As a brother to six sisters and father to four daughters, I am acutely aware that, while we’re all human and our shared humanity is something we all must remember, it’s still true that men and women inhabit different worlds. I could share some stories of being bullied, but none so visceral nor as threatening–generally, just the random sucker punch. I don’t have much fear of meeting the “wrong woman” or being stalked by a woman who can’t get over me. Men: Listen. We’re not all to blame for the rogue behavior of the few, but we can’t ignore that a sense of male entitlement can lead the damaged among us down a dark path, a path we don’t want our sisters, wives or daughters exposed to.
On a beautiful spring day in 1972, I was walking home from Pinecrest Elementary School (Hastings, MN), enjoying the sun on my face and what ee cummings called the “true blue dream of sky”. I was the kind of kid who, even in 6th grade, wasn’t very aware of my surroundings – always lost inside my own head. Eventually, though, the fact that someone was following me, and speaking to me, impinged on my awareness. I half turned, though I spun back around immediately once I realized that the kid talking to me was Randy – the guy I had a crush on.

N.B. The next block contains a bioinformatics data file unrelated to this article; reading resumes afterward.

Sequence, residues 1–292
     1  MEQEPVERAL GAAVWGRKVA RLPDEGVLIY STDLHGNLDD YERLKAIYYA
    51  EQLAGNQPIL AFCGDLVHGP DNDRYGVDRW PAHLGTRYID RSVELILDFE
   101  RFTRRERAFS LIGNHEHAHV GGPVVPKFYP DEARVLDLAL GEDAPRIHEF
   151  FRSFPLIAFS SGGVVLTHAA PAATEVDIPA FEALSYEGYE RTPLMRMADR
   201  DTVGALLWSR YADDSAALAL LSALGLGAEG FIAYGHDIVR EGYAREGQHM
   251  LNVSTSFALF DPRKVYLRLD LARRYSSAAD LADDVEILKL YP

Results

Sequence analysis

“You better walk faster ,” he said. “Cuz if I catch up to you, I’m gonna rape you.”
I had only a vague sense of the threat in those words, but I sped up.
Randy and I lived in adjacent neighborhoods, so his group of boys and…
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